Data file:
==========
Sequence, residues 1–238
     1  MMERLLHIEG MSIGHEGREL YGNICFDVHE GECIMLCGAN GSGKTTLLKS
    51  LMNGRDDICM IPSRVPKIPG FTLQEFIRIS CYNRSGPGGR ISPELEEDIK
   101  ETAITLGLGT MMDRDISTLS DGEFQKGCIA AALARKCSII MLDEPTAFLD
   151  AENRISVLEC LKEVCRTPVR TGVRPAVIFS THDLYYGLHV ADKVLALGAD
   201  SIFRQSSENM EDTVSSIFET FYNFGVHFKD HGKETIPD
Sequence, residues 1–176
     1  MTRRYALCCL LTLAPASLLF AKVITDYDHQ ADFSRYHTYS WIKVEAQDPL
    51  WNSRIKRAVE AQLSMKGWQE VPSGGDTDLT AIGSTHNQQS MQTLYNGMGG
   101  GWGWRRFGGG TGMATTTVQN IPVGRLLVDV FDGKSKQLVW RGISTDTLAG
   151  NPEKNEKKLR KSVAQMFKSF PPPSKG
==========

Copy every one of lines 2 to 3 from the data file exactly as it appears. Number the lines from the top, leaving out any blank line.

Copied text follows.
     1  MMERLLHIEG MSIGHEGREL YGNICFDVHE GECIMLCGAN GSGKTTLLKS
    51  LMNGRDDICM IPSRVPKIPG FTLQEFIRIS CYNRSGPGGR ISPELEEDIK